Saturday, April 17, 2010, 03:00 pm PT (06:00 pm ET)
Inside iPhone OS 4.0: Multitasking vs Mac OS X, Android
Getting Things Done in the Background
While it's most efficient to have apps sleep, there are a few cases where an app actually needs to do something in the background. The most obvious involves finishing some time-consuming task such as a file upload. Users don't want to be forced to watch a progress indicator, which is what they currently have to do.
Right now, if a user quits a third party app while it's finishing an operation, the operation will fail because the app is forced to quit by the system. Apple's own apps, including Mail and SMS, can continue to send messages after the user appears to have quit the app, but that's because Apple's own bundled apps aren't forced to quit. Other apps are.
To accommodate this type of multitasking in iPhone 4.0, Apple added the Task Completion API, a feature that enables app developers to design their app so that it can request a specific amount of time to continue a task after the app is supposed to be put to sleep in the background. Once the app finishes its task or its requested time period expires, the system suspends the app as usual.
Three Special Background Tasks: VoIP, Audio, and Location
There are three other multitasking scenarios Apple supports in iPhone 4.0 which are related to ongoing tasks an app might want to do. This mechanism of granting exceptions to the "one app at a time" model for specific types of apps was anticipated in AppleInsider's earlier coverage of the development of multitasking in the iPhone OS.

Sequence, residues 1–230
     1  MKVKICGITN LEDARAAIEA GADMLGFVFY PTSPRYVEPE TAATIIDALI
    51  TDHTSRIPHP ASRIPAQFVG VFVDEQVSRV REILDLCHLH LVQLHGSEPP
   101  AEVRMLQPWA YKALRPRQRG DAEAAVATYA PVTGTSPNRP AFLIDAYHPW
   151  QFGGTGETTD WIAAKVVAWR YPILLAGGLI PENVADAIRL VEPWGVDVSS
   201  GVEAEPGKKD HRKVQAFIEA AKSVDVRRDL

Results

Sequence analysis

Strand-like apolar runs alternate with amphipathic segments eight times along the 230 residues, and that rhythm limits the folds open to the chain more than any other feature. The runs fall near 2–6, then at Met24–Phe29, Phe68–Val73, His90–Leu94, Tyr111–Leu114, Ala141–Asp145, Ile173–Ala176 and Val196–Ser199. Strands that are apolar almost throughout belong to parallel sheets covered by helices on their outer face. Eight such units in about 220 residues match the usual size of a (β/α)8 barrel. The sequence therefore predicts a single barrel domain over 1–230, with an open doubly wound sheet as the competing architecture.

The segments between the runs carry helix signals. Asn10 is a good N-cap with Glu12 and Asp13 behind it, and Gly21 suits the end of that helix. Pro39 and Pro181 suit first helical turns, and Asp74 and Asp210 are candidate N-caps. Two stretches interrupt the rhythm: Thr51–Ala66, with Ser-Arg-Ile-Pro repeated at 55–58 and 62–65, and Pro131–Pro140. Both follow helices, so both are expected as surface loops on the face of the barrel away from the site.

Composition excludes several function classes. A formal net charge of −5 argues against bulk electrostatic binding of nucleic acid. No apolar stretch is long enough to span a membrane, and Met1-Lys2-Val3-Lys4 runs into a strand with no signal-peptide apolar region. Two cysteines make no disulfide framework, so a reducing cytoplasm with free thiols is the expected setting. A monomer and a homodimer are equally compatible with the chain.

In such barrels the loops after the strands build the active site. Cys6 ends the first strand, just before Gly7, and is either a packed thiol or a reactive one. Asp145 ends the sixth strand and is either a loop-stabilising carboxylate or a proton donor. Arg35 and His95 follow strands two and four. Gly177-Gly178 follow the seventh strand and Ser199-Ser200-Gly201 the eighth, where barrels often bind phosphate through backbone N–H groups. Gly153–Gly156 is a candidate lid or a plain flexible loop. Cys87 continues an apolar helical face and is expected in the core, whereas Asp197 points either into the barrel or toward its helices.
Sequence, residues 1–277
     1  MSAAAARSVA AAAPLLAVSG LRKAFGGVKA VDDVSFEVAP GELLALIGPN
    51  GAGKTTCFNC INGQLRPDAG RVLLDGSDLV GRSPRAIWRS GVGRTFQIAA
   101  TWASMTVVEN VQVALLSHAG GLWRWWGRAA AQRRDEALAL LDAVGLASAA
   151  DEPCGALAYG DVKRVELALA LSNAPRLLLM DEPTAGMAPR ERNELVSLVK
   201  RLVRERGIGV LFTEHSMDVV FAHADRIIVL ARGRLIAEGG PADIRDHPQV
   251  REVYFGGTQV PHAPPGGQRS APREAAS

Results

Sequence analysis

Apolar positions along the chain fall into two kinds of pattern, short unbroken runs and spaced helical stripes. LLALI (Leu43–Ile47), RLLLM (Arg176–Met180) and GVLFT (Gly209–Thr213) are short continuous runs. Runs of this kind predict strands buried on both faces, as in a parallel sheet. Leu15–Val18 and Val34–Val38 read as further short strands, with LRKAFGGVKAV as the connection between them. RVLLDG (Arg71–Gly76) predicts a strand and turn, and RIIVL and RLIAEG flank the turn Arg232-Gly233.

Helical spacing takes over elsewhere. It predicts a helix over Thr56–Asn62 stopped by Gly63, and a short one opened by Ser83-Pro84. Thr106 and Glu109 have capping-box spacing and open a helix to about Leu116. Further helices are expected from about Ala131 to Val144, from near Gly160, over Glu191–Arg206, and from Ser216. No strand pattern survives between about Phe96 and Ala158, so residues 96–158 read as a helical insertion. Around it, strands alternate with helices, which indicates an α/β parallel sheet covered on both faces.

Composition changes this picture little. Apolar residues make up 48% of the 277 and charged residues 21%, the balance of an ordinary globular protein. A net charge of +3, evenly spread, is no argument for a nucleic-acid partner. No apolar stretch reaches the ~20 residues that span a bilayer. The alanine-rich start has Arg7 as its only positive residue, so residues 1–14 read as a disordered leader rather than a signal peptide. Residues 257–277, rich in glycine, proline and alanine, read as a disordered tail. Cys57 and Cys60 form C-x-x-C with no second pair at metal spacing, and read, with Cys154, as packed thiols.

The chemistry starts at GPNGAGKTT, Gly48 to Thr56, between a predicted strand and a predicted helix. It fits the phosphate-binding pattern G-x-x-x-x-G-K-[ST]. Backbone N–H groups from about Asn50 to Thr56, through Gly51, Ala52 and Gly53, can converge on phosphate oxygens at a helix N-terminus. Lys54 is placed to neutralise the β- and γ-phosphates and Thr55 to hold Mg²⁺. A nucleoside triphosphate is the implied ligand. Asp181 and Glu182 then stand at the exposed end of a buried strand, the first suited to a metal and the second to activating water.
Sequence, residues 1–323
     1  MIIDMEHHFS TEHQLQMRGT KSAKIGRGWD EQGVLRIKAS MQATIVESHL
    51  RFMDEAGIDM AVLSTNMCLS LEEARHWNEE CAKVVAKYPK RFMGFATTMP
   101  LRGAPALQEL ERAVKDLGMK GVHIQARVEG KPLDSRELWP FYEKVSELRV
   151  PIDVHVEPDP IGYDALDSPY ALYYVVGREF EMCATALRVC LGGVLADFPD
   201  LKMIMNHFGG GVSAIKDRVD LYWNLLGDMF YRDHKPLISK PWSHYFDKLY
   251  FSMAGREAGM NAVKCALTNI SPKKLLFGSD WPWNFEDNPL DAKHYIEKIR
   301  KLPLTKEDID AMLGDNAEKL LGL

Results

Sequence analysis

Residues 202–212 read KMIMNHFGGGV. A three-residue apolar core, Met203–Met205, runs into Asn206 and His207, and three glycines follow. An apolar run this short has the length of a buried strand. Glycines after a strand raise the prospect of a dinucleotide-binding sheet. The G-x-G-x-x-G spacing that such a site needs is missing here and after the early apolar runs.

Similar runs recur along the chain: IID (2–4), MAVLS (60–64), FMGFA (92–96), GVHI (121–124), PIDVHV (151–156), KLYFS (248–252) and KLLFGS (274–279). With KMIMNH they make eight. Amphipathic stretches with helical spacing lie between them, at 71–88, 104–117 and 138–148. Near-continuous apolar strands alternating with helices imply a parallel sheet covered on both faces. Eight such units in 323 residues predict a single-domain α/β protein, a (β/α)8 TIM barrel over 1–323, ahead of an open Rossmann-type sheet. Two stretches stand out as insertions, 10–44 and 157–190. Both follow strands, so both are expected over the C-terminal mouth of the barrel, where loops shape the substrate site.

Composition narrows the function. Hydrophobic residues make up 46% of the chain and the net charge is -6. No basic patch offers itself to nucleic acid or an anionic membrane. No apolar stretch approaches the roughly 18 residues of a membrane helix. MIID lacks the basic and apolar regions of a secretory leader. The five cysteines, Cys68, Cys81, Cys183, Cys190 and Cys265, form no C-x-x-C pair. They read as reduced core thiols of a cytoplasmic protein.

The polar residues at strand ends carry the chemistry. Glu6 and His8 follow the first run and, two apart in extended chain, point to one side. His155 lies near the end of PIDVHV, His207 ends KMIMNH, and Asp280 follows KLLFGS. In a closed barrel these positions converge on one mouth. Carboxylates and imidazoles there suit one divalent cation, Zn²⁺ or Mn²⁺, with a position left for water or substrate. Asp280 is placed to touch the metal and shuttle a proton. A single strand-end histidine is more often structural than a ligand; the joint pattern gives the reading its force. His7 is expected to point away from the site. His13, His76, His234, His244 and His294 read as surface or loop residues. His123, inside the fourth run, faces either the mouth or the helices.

The first exception API allows apps to work like the bundled Phone app: being able to accept calls and continue a call while other apps are being used. Only Apple's Phone app can place mobile calls, so this feature is called Voice over IP, as it's designed to support calls placed over an Internet connection using an app like Skype.
In order to make use of this new background VoIP mechanism, an app registers with the system and can then be suspended while the system maintains a network socket listening for incoming VoIP calls. When a call request occurs, the system wakes up the VoIP app and transfers it control of the network connection to service the call.
A second scenario is similar to the built-in iPod app: Background Audio. This allows apps such as Pandora to request the ability to continue playing a music stream even when it is not in the foreground. Apple ties the same background playback controller used for iPod to the app that has requested the use of the new Background Audio facility.
A third scenario for multitasking involves regular location updates. The new Background Location serves two types of apps that use location data: GPS apps that supply driving directions and social networking apps that use the user's location to notify their friends or suggest nearby events.